They are “separated” bretheren, but bretheren nonetheless. And if bretheren then joint heirs to the Kingdom right along with those in the Catholic church.
It is kind of like Jews thinking they are God’s chosen people. They are. God revealed Himself to Jews, or through them, in particular. Salvation is of the Jews, but for everyone.
Jesus the Jew told his apostles to go to all the nations of the world and preach the good news of repentance for forgivness of sins. God’s mercy is for all. It comes through the revelation of God given through the Jews.
Who is the God of the Jews? He reveals Himself to them as existance itself. I am that I am. That is who He is. When Moses asked God who was sending him to the Egyptians to release the Jews from slavery, Moses asked who he should tell the Egyptians was giving them this command. God told Him who He is. I am.
But apart from who God is, what is He like? He revealed things about His nature to the Jews throughout salvation history, not all at once, but from time to time, more and more.
Why are Jews hated? The Jews are responsible for bringing salvation to mankind. The hatred and attempt to destroy them did not begin in the 1930s in Germany. Read about Queen Esther.
Look at the secular world today. Why are Christians hated by the world? Jesus says of His Church that we would be a sign of contradiction to the world. We would be hated, because He was hated. Sounds familiar.
Jews are resented. Those Jews think they are so special and better than everyone else, because they think they are God’s chosen. But it is true. They are. Their religion is true. Others are false. God revealed Himself to this people set apart for His purpose.
Now the Catholic Church thinks it has a monopoly on docttinal truth. That might offend some people. But what if it is true?
Would that mean that only Catholics can attain heaven, eternal union with God? It seems that there would need to be some connection to divinely revealed truth to find God. But what is it?
Can you be connected and not know and acknowledge it? Maybe!
God revealed Himself in the Old Testament as existance. In the New Testament He revealed Himself as love. Is this a one or the other proposition? Or, are existance and love two perfections of the same Being?
Saint John the Evangelist tells us in His epistle that God is love and everyone who loves is of God. He was a cousin of Jesus, another Jew.
The human intellect does not figure this stuff out. The Jews did not discover God. He revealed Himself to them.
The Book of Genesis, of the Jews, tells us that God made mankind in His image and likeness. It does not say God made Jews or Catholics in His image and likeness. If beings are alike, like one another, they do the same things, they share by their natures in some likeness, some like qualities or attributes.
God is love. God loves. If you love you are of God and share or participate in the divine nature, by likeness.
Do Catholics have a monopoly on love? They do proclaim that it is divinely revealed truth and that you can not get to heaven, your eternal destiny, unless you love.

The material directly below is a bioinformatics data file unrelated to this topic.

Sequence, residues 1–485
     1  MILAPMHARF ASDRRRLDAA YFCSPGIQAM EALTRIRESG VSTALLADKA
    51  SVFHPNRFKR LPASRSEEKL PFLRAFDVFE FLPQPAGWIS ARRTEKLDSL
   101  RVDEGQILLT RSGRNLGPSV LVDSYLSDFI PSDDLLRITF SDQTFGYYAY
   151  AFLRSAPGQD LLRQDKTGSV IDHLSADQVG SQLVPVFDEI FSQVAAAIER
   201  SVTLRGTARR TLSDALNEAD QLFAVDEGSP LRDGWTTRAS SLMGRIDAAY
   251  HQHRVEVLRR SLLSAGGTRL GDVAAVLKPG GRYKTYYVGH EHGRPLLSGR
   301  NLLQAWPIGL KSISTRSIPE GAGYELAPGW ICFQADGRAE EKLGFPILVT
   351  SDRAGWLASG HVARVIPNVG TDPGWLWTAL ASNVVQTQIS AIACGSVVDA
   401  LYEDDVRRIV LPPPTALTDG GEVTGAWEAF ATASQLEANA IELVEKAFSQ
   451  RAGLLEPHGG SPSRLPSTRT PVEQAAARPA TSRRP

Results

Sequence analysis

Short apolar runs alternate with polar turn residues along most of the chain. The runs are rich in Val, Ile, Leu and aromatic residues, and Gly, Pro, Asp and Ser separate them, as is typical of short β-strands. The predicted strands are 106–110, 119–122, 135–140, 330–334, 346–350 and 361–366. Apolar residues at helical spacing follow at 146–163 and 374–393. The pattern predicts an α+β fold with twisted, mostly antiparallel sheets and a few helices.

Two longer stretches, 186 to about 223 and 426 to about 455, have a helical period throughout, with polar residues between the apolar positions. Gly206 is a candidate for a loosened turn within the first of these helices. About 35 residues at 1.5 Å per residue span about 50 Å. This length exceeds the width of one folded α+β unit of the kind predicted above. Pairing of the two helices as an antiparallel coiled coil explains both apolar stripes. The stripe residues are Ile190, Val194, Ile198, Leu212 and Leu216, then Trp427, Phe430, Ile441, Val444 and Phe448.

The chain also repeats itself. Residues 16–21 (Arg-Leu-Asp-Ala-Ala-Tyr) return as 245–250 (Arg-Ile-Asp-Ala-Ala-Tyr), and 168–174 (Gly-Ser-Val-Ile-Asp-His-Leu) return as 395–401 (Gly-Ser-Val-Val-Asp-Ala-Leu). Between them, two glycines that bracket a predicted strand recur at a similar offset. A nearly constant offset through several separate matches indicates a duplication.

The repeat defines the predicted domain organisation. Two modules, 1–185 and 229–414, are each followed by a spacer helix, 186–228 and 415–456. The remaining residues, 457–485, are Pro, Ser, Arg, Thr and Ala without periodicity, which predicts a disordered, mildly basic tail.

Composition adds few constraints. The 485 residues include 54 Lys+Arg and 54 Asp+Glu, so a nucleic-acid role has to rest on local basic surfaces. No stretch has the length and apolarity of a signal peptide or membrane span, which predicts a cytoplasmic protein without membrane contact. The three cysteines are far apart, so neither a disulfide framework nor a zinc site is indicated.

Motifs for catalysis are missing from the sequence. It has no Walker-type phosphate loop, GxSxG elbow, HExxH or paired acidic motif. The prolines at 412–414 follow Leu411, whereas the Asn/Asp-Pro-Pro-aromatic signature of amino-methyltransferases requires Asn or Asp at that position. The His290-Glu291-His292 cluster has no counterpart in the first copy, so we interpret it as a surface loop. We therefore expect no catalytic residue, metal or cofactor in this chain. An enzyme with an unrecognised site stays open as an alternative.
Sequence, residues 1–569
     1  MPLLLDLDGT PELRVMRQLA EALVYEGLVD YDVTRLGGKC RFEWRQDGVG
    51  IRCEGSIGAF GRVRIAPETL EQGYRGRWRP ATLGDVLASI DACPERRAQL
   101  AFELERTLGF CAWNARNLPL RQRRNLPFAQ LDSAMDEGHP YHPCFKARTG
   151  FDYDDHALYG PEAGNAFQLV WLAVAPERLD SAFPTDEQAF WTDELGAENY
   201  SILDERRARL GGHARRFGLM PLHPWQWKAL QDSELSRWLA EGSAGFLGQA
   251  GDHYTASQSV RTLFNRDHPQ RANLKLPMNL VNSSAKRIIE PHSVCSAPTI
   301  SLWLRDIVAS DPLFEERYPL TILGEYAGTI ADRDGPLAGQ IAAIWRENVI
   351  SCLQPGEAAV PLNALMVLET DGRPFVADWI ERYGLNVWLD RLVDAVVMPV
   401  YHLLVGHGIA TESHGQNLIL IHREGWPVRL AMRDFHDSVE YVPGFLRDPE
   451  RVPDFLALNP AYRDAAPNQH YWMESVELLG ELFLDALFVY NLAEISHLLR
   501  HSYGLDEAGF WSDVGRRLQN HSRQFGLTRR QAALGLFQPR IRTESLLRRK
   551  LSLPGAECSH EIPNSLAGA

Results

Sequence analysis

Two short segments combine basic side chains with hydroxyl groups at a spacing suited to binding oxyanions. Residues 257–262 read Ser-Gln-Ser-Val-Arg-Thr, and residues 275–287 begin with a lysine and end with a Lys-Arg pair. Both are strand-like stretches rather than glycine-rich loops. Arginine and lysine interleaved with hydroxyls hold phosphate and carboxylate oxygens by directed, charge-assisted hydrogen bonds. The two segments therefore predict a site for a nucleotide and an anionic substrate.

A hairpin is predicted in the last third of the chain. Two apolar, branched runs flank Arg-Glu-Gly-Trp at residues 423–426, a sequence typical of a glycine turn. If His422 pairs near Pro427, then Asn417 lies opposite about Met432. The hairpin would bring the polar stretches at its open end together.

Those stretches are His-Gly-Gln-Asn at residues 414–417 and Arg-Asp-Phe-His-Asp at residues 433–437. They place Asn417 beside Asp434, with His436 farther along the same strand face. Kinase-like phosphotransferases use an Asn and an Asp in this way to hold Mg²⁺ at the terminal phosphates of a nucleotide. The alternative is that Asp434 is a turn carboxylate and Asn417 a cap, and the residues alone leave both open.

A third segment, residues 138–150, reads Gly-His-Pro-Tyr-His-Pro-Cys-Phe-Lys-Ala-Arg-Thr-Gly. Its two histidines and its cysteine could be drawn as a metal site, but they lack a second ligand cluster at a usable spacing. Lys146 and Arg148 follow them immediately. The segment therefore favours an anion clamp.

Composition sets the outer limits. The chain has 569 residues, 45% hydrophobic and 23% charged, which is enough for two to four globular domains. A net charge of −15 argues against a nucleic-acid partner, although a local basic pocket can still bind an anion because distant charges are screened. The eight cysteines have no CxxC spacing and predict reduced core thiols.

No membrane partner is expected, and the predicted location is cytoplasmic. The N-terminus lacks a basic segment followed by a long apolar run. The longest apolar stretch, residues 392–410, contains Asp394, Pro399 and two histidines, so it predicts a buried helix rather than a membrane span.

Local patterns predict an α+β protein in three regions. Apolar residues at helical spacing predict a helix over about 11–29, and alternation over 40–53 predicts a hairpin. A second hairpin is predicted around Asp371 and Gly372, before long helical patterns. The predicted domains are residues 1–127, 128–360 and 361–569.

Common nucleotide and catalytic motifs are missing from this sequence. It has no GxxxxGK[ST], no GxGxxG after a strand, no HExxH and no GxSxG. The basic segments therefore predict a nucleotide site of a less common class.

So I guess that is the question for all, Jew and Greek and African and all, each one of us.
Do you love?
Whatever love is, it is always directed to the other, its object. Love gives love to love. There is a trinity there. Existance gives existance. You are given existance. You received it. You do not have a choice in the matter. You do have a choice in whether or not to love.
In order for us to love (get to heaven) we have to know how, know the way. Someone has to show me. A child grows up in a family and belongs to the family, but is also taught how to be part of the family, behave in the family.
This is what the truths of the Church teach us, but we do not always do it whatever religion we have.
I can see that you are new here, so let me bring you up to speed…
The same argument has been presented here over and over again both by overzealous Catholics and by somewhat masochistic Protestants (who probably wanted to prove Catholics to be bigots).
Neither did succeed because according to Catholic theology the baptism of someone who is baptised outside of the Catholic Church, but with the correct formula is valid.
That means that they might not have it all correct, but that salvation is not beyond the possible. They may be saved too as they are part of the invisible Church.
“Extra Ecclesiam nulla salus” doesn’t therefore mean that everybody outside of the Catholic Church is lost. It just means that those outside the visible and invisible Church are lost, though there is always the concept of invincible ignorance that Catholic theology presents for those who never heard (Singulari Quadam, Singulari Quidem, Quanto Conficiamur Moerore) or who heard, but because of their upbringing would never even dare to believe and become Christians.
The declaration Dominus Iesus of the Congregation for the Doctrine of the Faith also speaks of those who are outside of the Church and doesn’t assign them a place in hell.
“Ad gentes” asserts that “those cannot be saved, who, knowing that the Catholic Church was founded through Jesus Christ, by God, as something necessary, still refuse to enter it, or to remain in it.” It further states this: “So, although in ways known only to Himself, God can lead those who, through no fault of their own, are ignorant of the Gospel to that faith without which it is impossible to please Him (Hebrews 11.6), the Church nevertheless, still has the obligation and sacred right to evangelize.”
That doesn’t exclude salvation for those outside the Church that don’t know any better or don’t believe that the Church is founded by Christ.